-children love the element of competition, especially the opportunity to beat the teacher!
-It can be fast paced and a way to keep your students alert!
2. Bingo (with a twist)
Almost every TEFL teacher who teaches young learners has played Bingo at some point in their lessons- it’s a classic filler game and even works with adults too. Sometimes we might rely on it too much! If you want to break the Bingo monotony, you can try this version which will keep your younger students engaged.
-Each student has a piece of paper (they can use paper from their own notebooks!)
-They need to divide it up into 6 parts (you can choose between 5-8 parts). These need to be vertical lines that divide the paper into strips and they should fold the paper on the lines- you might need to help some with this! If your students are very young, you might want to prepare the paper beforehand
-The students write one word on each part of the paper (you can provide a list of possible words on the board, the ones you want your students to practise, these words should be ones the students have seen before)
-The rule is that if the teacher says a word that the students have written on the first part or the final part of the paper, they can rip that part of the paper off. As the paper gets smaller, they still work with the first and last parts. They cannot do anything if the word is in the middle of their paper
-You’ll need to repeat the words to ensure they can continue ripping the paper
-The winner is the one who has torn all their paper strips off and yells “Bingo!”
Why play this game?
-It’s something different to traditional Bingo that your students won’t have played before
-It’s more kinesthetic for your learners and they love it!
-It recycles vocabulary and keeps them alert.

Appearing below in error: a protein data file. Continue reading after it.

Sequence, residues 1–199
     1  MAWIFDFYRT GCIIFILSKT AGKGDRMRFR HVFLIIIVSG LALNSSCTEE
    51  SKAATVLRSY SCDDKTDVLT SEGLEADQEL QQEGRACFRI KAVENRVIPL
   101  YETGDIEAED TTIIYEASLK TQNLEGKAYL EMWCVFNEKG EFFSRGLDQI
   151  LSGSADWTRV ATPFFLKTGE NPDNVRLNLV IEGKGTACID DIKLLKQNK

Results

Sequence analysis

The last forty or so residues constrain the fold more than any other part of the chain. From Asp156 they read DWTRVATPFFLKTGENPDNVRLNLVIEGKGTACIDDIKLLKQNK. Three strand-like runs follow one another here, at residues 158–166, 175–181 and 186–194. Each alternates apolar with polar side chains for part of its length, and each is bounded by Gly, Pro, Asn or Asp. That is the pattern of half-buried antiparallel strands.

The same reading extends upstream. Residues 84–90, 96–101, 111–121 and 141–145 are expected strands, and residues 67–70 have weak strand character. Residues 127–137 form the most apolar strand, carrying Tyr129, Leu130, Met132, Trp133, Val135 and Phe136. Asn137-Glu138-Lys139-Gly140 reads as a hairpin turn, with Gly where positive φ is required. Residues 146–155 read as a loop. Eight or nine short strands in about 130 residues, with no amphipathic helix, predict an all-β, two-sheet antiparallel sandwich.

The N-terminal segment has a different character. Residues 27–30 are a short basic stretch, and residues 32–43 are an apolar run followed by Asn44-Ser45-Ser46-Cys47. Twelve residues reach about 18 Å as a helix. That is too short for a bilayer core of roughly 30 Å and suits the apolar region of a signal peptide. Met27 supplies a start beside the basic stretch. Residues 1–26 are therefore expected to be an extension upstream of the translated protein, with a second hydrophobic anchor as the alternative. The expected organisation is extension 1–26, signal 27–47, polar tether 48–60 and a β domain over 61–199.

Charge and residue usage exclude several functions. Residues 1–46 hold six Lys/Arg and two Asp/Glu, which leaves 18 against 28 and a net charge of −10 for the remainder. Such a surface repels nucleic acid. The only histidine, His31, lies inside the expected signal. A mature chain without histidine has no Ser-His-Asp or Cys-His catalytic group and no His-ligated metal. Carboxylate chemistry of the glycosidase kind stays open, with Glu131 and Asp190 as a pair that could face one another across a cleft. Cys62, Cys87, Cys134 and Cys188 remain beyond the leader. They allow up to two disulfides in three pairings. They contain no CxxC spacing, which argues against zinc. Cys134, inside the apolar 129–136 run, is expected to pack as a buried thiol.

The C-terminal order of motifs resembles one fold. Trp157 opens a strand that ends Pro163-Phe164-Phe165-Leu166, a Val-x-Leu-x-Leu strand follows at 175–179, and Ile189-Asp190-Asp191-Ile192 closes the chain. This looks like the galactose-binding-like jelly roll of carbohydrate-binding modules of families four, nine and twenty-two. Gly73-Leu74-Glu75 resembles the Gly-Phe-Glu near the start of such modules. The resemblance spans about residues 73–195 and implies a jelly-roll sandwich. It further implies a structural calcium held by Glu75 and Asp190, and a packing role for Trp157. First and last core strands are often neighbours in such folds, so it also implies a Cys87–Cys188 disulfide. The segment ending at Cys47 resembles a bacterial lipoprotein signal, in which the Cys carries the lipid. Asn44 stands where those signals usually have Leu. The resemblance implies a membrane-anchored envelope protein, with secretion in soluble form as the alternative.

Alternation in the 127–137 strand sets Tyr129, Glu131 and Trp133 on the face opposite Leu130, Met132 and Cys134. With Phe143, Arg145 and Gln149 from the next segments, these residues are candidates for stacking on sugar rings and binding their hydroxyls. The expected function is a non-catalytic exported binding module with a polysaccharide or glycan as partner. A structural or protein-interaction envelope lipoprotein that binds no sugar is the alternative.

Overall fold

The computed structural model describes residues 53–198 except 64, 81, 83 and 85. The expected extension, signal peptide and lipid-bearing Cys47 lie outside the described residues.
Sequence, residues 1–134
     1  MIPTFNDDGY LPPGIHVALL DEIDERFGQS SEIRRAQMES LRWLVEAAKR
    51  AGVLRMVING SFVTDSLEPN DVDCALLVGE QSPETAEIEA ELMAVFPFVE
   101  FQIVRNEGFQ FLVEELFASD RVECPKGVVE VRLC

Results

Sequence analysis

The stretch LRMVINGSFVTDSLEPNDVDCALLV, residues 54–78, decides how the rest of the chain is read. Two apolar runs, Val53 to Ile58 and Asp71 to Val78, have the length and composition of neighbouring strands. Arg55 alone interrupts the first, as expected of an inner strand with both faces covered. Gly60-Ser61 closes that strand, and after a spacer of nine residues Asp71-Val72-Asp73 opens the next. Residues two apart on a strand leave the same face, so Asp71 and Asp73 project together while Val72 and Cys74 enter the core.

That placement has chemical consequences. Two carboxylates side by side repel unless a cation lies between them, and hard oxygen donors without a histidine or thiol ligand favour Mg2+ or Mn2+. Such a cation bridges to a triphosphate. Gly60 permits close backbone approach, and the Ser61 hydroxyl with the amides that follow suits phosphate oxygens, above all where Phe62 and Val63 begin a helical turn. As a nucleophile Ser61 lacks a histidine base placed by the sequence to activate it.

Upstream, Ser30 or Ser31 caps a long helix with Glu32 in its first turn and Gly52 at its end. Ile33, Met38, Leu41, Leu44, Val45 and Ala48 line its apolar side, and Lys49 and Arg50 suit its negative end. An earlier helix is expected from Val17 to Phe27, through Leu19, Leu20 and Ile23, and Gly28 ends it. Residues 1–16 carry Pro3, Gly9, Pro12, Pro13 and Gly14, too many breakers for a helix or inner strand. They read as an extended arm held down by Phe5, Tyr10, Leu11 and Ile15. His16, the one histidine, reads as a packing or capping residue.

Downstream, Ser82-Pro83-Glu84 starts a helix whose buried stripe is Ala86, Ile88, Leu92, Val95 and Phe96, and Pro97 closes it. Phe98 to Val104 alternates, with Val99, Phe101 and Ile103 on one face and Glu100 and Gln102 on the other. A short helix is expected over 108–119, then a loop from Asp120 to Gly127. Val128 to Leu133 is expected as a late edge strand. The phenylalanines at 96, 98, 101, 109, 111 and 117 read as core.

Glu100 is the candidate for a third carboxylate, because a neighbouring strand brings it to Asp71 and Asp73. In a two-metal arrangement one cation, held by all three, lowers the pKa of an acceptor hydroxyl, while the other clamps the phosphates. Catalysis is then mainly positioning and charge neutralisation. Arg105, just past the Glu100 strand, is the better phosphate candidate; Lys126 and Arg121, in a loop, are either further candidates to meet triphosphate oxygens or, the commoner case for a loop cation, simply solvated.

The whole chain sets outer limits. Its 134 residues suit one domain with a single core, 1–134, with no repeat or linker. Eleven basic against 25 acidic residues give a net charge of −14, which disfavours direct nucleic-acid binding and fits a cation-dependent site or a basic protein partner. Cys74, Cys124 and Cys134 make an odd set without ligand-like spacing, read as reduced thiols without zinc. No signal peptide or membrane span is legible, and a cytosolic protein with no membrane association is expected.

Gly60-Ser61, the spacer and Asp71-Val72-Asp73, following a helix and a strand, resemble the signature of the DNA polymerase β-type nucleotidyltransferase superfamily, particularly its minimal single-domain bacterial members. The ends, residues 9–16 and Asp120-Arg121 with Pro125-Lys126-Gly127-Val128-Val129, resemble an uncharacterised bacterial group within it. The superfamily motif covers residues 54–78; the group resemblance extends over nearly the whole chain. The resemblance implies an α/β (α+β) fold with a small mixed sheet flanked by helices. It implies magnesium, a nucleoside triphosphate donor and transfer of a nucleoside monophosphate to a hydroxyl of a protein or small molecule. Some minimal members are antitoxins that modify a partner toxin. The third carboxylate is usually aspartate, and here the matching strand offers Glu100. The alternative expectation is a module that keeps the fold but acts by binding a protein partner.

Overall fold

-Remember with bingo, you don’t have to always say the word directly. You can describe it, spell it or use synonyms/ antonyms which will be more challenging for your learners. Make them say the correct answer before they can rip off that part of the paper!
3. Board games
Board games are a great way to practise all sorts of language- both vocabulary and grammar points. You can have the learners practising questions or simply stating what they see on a picture. This is a fun way for them to practise speaking and it also gets them involved speaking to each other. You can also have the learners make their own board games. For example, they need to make a board game that practises the past. You can give them a template to write on. This can include questions such as:
What did you do at the weekend?
What’s the past simple of buy?
Name 3 irregular verbs.
The students can play in pairs or in small groups. These board games can be saved and rotated for other classes too. If your students finish early, have them play the game backwards or change the groups around so they have a different experience. Remember the younger the class, the more time they will take to make their own board game. If the purpose is to practise speaking, sometimes it’s easier to make your own board games and do most of the work and have them finish it off quickly before they play otherwise you won’t have time to actually play the game and you will feel your class is wasted.